Fairy-tales for Grown-Ups

First of all, apologies for the recent blog hiatus.  We’re just back from holiday and hotel wifi was like hen’s teeth.  (Which raises the much more pressing question of how  hens actually eat.   Suck corn kernels into submission? Mash it with their heads and then swallow? No wonder they’re all so scrawny). Sorry.  Moving on..

As ever, I went away armed with good intentions and acres of holiday reading.  I didn’t open a single book, but I did think a little  about stories and what they do.

Stories are powerful.  And they’re not just for kids. Fairytales for example,  were originally written for adults – many of the earliest versions are violent and sexual.  In the original Sleeping Beauty, the Prince doesn’t wake her with a chaste kiss.  Instead he rapes her.  The ugly sisters have their eyes pecked out. The Wicked Queen is stuffed in a barrel of nails and dragged through the city till she bleeds to death.  It’s not bedtime reading , but it’s more powerful than the Disney versions.

The poet Heaney puts it like this, ‘I rhyme to see myself, to set the darkness echoing’. As we weave words, we reach out into the darkness. What is this darkness? Nietzsche  famously argued that it’s our fear of death and extinction. The child shouting in the cave is spitting in the face of the chaos he feels but cannot understand. We deal with such darkness, by telling stories or myths. Like fairytales, these are  passed down from generation to generation and both act as ways of explaining and understanding who we are.  Yet, where fairy stories use stock characters and are used to make a moral point, (‘don’t wear your red hoody in the forest’, ‘Apples are Killers’), myths deal instead with cosmic  issues , characters and themes.  They’re a way of making sense of chaos, formlessness and blackness.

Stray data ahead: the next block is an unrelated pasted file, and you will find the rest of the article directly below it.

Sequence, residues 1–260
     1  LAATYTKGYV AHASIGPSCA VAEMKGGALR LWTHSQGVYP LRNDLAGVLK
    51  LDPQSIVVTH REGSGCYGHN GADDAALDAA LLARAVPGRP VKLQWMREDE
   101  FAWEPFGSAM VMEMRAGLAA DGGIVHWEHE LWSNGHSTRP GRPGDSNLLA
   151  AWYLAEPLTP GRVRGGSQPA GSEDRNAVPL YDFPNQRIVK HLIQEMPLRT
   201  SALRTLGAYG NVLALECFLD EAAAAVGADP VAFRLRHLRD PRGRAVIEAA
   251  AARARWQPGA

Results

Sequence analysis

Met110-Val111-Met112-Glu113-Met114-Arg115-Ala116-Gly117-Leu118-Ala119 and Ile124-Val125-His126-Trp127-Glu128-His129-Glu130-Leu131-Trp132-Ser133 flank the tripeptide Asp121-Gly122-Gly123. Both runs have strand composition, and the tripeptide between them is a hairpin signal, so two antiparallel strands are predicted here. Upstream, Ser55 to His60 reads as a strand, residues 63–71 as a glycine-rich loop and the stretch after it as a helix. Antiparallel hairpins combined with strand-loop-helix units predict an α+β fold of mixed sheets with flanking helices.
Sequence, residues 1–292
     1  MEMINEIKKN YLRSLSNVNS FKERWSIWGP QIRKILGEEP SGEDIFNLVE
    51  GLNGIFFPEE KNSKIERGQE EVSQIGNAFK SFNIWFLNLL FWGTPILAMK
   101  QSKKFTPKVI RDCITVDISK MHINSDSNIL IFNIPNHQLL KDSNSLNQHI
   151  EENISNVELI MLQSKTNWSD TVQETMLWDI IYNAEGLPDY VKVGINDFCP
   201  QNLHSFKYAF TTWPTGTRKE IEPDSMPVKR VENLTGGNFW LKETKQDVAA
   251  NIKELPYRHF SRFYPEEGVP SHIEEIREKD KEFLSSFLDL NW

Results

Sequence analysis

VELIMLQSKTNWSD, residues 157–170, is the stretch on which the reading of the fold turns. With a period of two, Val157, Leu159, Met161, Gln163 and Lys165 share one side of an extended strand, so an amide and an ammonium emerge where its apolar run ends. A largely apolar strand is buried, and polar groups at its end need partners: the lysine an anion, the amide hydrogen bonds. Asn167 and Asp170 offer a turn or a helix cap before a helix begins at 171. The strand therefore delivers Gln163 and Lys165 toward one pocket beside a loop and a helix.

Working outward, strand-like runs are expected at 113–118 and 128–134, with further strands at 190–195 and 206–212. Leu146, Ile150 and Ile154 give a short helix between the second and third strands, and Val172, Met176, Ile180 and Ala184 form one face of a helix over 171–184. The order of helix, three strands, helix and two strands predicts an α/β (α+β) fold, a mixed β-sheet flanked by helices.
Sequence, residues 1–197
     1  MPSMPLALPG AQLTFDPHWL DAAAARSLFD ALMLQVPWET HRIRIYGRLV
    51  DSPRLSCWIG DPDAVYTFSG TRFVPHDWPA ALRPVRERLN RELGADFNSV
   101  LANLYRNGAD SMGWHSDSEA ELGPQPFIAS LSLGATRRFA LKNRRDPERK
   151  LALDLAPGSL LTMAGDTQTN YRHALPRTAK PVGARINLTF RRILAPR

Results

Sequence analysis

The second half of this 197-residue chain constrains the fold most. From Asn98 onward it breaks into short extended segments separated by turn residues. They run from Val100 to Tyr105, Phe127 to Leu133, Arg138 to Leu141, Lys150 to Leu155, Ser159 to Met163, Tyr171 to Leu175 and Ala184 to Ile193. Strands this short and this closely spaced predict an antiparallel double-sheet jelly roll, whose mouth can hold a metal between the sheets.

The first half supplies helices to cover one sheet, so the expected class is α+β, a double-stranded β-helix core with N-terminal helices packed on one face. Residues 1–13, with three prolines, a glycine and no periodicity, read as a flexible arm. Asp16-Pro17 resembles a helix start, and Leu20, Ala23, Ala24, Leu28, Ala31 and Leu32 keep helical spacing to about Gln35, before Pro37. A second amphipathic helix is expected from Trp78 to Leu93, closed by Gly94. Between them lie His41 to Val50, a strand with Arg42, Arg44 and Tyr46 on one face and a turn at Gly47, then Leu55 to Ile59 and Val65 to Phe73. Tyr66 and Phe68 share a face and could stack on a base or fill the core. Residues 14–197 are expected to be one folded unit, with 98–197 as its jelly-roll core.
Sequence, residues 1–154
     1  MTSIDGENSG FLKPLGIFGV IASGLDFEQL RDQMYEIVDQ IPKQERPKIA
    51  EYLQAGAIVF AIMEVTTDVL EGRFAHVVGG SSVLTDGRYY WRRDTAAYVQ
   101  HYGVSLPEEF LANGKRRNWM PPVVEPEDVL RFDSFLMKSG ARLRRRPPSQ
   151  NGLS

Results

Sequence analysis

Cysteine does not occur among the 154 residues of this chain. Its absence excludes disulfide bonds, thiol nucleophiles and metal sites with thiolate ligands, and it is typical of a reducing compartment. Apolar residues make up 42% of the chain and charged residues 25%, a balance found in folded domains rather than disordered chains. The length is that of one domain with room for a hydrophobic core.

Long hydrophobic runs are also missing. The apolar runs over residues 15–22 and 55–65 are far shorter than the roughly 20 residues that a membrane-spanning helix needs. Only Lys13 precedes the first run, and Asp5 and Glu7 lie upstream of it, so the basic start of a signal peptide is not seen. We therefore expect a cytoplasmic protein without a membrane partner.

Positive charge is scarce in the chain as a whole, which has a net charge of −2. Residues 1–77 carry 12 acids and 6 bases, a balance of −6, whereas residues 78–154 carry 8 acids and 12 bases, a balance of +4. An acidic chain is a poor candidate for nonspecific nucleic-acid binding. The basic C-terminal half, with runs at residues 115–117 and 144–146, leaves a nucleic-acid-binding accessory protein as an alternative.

Perhaps this sounds a little primitive or academic.  But I’m not so sure.  Today’s culture is as obsessed with death as the goriest tragedies – but despite advances in science and medicine, we’re less able to deal with it than ever before. Isn’t suicide sometimes a way of trying to shout into the darkness, to take control of it before it takes charge of us? Ours is the age of depression and anxiety – issues that even medicine can’t solve. Open up a copy of Vogue or Elle or Cosmo and you’ll see modern myth-makers at work – telling how to overcome aging or live lives that matter. All of us are searching for answers – it’s just a question of where we look.

2 thoughts on “Fairy-tales for Grown-Ups

  1. My holiday reading was a fab book called “Stories that Feed Your Soul” by Tony Campolo.

    It’s a collection of short (true) stories/anecdotes that illustrate various aspects of Biblical truth.

    Sorry – I realise the post above isn’t simply on stories per se – so apologies if this reply is a bit tangential. (And, no, I’m not Tony Campolo or his publisher…) But it illustrates the power that a good, true, Christian story can have.

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